Private Loren Nelson
Loren joined the Lincoln and Welland Regiment on the 8th of November 1944 near the town of Vlijmen, just south of the Maas River and west of the city of s'Hertogenbosch, 75 kilometres west of Steenbergen Holland. The regiment had just completed fighting the battle of the Scheldt, in particular the very costly battles for Bergen Op Zoom and Steenbergen.
A large amount of new men arrived in the Regiment around this time. By November 11th the Regiment was up to it's full complement of men. These new men would be fortunate, they were brought in during a lull in the war, and could benefit from a "unit reception school". Also during this time the new men could learn from the more experienced men, and become accustomed to the conditions in war-torn Holland.
The Regiment was guarding the south banks of the Maas River near Vlijmen. The German army occupied the north bank. In this position the allied army was fearful of a German counterattack over the river and southwest to re-take the port of Antwerp. The troops remained ever vigilant on the south side of the river. On occasion parties were sent across the river in boats in an attempt to capture a German prisoner, and gather intelligence through questioning. These patrols proved to be very dangerous. Firstly, the Maas River has a very strong current. Boats were often turned around in the darkness, their occupants not knowing which direction to paddle. Secondly, if they made it to the other side, the Germans would be waiting to attack.
In mid-November the whole Regiment was rotated off the front lines for rest and relaxation. They stayed in a Seminary in the town of St. Michielsgestel. For two weeks the troops enjoyed movies, dances, bingo games and army shows. On the 4th of December the Regiment came under the command of the 4th Canadian Armoured Division, the bulk of the Regiment returned to Vlijmen the next day. Some members of the Regiment stayed behind to put on a planned Christmas Party for the children of St. Michielsgestel on the 6th of December. The people of Holland were starving, and the Regiment wanted to help the local children have a good Christmas.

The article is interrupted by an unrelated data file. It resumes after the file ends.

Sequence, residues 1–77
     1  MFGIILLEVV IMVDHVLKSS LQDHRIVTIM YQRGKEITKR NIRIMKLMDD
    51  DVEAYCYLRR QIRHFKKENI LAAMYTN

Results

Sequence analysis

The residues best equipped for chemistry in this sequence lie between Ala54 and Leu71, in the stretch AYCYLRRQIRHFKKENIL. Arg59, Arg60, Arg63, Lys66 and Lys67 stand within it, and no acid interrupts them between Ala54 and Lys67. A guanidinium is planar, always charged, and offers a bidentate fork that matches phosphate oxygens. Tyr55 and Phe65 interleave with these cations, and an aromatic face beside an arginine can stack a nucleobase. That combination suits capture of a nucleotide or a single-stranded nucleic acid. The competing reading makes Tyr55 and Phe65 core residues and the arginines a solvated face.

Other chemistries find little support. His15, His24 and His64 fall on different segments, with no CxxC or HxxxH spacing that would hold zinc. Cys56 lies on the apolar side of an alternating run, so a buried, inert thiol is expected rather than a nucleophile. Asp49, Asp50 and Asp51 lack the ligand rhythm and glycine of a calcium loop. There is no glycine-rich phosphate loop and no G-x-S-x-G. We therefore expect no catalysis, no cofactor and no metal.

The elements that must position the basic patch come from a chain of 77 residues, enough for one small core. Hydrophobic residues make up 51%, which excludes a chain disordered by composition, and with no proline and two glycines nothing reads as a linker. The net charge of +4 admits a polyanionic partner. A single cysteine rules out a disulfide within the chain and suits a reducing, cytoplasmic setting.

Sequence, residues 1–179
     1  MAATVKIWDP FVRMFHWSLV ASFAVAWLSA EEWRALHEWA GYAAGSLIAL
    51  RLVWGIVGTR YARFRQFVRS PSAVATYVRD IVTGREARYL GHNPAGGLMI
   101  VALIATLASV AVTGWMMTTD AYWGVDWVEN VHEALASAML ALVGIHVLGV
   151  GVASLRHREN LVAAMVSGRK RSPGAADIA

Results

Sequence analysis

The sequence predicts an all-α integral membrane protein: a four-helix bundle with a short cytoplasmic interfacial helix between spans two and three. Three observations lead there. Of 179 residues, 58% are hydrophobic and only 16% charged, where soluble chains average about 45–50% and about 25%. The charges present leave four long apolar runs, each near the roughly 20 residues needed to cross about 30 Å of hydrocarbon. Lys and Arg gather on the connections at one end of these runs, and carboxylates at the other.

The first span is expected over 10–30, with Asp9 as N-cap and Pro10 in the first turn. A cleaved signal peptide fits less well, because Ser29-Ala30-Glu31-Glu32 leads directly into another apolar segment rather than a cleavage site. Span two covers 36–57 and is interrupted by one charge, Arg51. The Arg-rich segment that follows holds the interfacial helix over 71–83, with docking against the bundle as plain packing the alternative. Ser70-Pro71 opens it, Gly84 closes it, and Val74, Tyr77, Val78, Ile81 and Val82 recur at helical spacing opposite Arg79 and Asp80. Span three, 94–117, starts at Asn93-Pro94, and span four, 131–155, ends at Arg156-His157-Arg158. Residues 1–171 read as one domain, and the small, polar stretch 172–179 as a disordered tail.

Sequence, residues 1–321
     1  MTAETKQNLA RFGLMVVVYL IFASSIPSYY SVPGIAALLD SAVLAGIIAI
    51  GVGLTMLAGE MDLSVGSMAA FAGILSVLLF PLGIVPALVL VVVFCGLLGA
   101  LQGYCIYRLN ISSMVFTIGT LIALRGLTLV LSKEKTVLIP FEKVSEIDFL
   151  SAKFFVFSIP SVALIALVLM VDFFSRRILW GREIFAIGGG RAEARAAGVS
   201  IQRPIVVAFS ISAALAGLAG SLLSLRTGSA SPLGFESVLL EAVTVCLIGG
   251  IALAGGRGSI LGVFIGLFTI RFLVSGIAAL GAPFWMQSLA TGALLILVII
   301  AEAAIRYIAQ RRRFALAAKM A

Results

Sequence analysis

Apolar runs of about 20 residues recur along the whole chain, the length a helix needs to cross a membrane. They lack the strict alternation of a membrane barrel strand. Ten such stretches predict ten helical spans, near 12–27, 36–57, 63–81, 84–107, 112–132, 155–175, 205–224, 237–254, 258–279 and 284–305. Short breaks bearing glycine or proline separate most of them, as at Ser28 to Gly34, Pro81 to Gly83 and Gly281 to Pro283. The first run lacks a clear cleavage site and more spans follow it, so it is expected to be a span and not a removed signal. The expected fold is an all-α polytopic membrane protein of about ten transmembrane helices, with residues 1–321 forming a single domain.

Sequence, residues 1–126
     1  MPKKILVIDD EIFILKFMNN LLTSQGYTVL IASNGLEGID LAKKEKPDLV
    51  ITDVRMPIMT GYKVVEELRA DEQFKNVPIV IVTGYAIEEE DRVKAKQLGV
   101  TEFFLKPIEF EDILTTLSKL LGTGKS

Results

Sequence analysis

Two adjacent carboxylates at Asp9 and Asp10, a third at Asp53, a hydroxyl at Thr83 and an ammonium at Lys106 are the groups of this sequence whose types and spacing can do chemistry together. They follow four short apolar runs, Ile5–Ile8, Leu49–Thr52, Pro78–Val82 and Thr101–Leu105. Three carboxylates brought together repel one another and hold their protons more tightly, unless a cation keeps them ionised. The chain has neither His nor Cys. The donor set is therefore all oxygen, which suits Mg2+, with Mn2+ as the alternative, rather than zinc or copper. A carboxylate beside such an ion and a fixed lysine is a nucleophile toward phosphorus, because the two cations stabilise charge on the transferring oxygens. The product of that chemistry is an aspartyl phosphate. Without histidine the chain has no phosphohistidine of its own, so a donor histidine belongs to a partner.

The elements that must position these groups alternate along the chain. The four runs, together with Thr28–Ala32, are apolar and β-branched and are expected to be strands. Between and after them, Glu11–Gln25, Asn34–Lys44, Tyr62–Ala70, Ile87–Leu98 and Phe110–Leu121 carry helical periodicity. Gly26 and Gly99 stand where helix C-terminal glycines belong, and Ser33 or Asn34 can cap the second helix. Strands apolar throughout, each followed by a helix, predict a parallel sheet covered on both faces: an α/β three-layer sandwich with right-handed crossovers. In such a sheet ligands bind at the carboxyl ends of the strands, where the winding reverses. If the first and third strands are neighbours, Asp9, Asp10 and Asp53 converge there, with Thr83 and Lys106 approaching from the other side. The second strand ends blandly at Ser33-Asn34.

It was shaping up to be a relatively quiet Christmas for the Regiment until the Germans spearheaded the Ardennes offensive. The Ardennes was well south of the Lincoln and Welland Regiment's present position, but it was feared that a similar attack may be forthcoming from the Germans along the northern front as well. On 23 December the regiment was ordered southwest of Vlijmen to the town of Loon op Zand. Their orders were to hold the town against possible attack from enemy paratroopers.
Christmas of 1944 was celebrated in Loon op Zand under a cloud of uncertaintly. Irregardless, Christmas dinner was served to the men by the Officers of the regiment, and life at the front went on. On New Year's morning the town was strafed by three enemy planes, causing some civilian casualties.
The New Year brought January's cold, which also brought on quiet times for the Regiment. There was some leave granted in England, and basketball and swim teams were established. Meanwhile, just north of their present position, a group of Royal Marine Commandoes would be unsuccessful in dislodging two companies of German Paratroopers from an island in the Maas River called Kapelsche Veer. Soon it would their turn to fight upon the very same polders.